Improving Life after Brain Injury

Headway Cambridgeshire came about because a woman called Sarah Durrant couldn't find the services needed for her brain injured husband. Social worker Peter was in a police car when the client with whom he was travelling grabbed the steering wheel and caused an accident. Peter sustained life changing injuries. Sarah looked around for support in the community and when she was not able to find something that matched Peter’s needs, she decided she would have to create an organisation that did.

In 1989, together with her friend Maurice Reynolds, Sarah founded Headway Cambridgeshire. In 1991 we were able to secure an old ward on the Brookfields Hospital site, off Mill Road in Cambridge, for minimal rent to use as a meeting place. The building was named ‘Headway House’.

In 1999, Headway House was subjected to an arson attack which gutted part of the building. Support from the local community helped Headway Cambridgeshire rebuild and raise over £20,000 to repair the building.

Not long after the building was repaired, the owners of the site increased the rent, making it unaffordable. Headway Cambridgeshire and their supporters lobbied Cambridge City Primary Care Trust until they agreed to reduce the rent and cap it at an affordable rate. In December 2012, Headway moved from Headway House to the Ida Darwin Hospital Site.

Headway Cambridgeshire provides specialist services to people with an acquired brain injury and other neurological conditions and their families and carers.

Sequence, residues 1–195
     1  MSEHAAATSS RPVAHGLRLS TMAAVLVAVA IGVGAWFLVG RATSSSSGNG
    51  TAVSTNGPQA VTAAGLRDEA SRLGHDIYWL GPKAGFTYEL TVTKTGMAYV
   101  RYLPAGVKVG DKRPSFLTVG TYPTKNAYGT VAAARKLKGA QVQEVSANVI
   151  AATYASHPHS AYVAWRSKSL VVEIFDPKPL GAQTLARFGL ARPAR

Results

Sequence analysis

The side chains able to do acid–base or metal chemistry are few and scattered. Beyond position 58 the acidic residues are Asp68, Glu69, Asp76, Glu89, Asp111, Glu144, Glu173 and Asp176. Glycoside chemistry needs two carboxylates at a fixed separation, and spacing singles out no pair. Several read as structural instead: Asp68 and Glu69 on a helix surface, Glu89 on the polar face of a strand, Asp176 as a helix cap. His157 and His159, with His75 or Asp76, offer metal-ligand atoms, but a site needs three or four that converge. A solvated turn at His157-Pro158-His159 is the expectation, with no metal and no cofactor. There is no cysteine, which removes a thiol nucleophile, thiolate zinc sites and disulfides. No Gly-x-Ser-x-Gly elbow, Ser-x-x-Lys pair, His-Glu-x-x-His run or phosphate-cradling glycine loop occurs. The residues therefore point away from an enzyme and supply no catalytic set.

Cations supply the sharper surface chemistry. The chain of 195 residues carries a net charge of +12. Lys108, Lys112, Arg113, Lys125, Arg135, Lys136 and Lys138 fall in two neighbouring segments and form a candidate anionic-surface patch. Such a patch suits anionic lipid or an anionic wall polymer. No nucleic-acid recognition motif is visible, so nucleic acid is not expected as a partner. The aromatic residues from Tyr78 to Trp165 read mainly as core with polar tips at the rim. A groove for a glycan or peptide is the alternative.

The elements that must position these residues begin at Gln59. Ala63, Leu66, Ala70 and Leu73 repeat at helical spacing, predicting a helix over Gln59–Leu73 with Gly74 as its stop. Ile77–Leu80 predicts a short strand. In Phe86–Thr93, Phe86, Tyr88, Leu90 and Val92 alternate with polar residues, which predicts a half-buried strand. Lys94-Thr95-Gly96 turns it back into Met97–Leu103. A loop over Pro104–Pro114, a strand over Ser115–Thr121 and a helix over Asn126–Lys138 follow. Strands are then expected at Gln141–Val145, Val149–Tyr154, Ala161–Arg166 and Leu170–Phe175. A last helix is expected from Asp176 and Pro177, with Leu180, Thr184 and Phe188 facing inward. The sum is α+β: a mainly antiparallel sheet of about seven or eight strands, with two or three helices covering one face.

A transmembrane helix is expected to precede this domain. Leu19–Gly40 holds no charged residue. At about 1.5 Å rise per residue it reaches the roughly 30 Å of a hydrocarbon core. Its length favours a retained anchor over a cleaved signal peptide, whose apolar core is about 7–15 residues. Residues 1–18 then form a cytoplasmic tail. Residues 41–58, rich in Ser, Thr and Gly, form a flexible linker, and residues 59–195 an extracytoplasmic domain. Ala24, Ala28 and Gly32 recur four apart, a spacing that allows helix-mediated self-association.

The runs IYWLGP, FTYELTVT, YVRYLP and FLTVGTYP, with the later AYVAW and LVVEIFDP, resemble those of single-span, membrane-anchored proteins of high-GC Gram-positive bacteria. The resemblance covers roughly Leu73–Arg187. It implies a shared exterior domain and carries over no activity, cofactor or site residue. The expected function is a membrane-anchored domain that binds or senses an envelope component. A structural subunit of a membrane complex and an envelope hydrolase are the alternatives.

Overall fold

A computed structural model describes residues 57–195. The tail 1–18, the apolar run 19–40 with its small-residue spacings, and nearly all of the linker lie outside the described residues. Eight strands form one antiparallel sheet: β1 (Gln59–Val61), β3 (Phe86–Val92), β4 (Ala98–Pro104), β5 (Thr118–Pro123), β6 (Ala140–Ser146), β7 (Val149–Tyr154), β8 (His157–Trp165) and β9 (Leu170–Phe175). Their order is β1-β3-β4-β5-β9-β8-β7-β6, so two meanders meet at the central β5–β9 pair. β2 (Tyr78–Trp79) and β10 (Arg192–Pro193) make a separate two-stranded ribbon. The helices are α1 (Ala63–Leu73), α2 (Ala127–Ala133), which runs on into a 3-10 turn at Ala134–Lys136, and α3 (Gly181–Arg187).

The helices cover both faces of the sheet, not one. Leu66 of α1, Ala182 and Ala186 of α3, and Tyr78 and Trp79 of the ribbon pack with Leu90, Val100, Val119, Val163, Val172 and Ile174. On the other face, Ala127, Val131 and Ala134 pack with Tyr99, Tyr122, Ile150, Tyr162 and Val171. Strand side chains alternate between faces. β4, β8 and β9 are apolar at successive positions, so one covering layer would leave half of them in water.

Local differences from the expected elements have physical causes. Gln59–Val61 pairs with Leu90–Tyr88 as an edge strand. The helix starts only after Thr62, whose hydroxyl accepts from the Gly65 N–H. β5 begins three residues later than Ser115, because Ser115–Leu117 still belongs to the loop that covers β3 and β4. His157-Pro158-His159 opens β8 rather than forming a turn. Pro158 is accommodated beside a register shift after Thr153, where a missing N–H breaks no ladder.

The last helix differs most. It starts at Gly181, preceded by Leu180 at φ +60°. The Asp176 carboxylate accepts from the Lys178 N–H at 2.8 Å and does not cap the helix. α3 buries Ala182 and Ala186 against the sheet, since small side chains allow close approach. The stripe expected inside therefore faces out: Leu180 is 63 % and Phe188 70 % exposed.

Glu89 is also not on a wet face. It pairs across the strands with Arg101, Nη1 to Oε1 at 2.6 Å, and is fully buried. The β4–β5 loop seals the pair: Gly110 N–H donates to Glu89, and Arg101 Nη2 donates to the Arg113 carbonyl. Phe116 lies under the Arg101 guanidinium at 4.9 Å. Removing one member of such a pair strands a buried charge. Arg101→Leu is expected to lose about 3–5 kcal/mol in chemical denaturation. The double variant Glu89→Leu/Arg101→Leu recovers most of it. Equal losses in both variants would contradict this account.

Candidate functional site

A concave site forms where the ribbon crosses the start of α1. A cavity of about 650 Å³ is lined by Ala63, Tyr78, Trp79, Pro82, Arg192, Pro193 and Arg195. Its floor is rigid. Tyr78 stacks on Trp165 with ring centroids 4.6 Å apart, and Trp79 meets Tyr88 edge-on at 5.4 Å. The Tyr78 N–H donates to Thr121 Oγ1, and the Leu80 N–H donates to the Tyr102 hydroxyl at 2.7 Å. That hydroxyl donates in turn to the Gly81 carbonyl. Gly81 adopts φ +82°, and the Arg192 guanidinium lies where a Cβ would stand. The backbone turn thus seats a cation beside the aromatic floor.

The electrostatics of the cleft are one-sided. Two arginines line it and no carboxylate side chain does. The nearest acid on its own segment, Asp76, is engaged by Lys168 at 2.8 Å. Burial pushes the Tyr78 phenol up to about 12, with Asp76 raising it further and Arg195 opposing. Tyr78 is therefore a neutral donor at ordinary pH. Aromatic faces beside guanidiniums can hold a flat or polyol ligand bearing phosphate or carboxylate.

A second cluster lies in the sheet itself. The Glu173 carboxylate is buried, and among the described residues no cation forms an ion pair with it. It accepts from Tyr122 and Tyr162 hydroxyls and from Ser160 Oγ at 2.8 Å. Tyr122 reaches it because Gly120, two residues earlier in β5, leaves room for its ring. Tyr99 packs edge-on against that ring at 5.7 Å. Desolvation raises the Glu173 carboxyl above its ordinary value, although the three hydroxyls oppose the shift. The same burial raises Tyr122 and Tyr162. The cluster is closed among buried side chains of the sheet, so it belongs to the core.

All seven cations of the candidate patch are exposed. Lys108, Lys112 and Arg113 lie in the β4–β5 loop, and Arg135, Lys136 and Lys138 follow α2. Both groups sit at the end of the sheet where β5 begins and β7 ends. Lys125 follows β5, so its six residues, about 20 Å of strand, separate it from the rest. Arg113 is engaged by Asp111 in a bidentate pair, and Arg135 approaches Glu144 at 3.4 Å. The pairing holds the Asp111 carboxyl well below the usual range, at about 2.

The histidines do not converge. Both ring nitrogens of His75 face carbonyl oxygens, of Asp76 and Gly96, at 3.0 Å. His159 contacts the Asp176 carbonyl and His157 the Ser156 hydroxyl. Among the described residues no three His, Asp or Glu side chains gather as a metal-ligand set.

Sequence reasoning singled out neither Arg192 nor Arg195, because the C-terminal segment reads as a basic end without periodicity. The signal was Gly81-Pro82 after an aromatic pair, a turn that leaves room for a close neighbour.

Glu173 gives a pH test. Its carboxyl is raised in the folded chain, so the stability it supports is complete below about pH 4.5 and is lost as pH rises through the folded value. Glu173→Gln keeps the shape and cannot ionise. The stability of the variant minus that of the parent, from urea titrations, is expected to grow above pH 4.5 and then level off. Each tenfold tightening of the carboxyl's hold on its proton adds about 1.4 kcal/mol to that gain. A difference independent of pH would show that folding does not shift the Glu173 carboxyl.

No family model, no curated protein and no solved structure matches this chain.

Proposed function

Since 1989 we have been helping people to live as independently as possible and achieve their full potential.

Brain injury can affect anyone, at any time and Headway Cambridgeshire, an autonomous charity, supports people through these life-changing events, treating them as individuals and building a bespoke service to meet their needs and aspirations.

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Wherever you live in Cambridgeshire or Peterborough we can provide practical help, support, expertise and information in the community, at home or at our hubs.

We work closely with our health and social care colleagues and other agencies to ensure services are as seamless as possible, and we can provide this help right through the support pathway.

The Hospital Brain Injury Co-ordinator became someone who absolutely understood how I felt, I didn’t need to explain. I could talk about my fears and worries. She was such a great support through the difficult days, but could also celebrate the small step successes, which was important to me.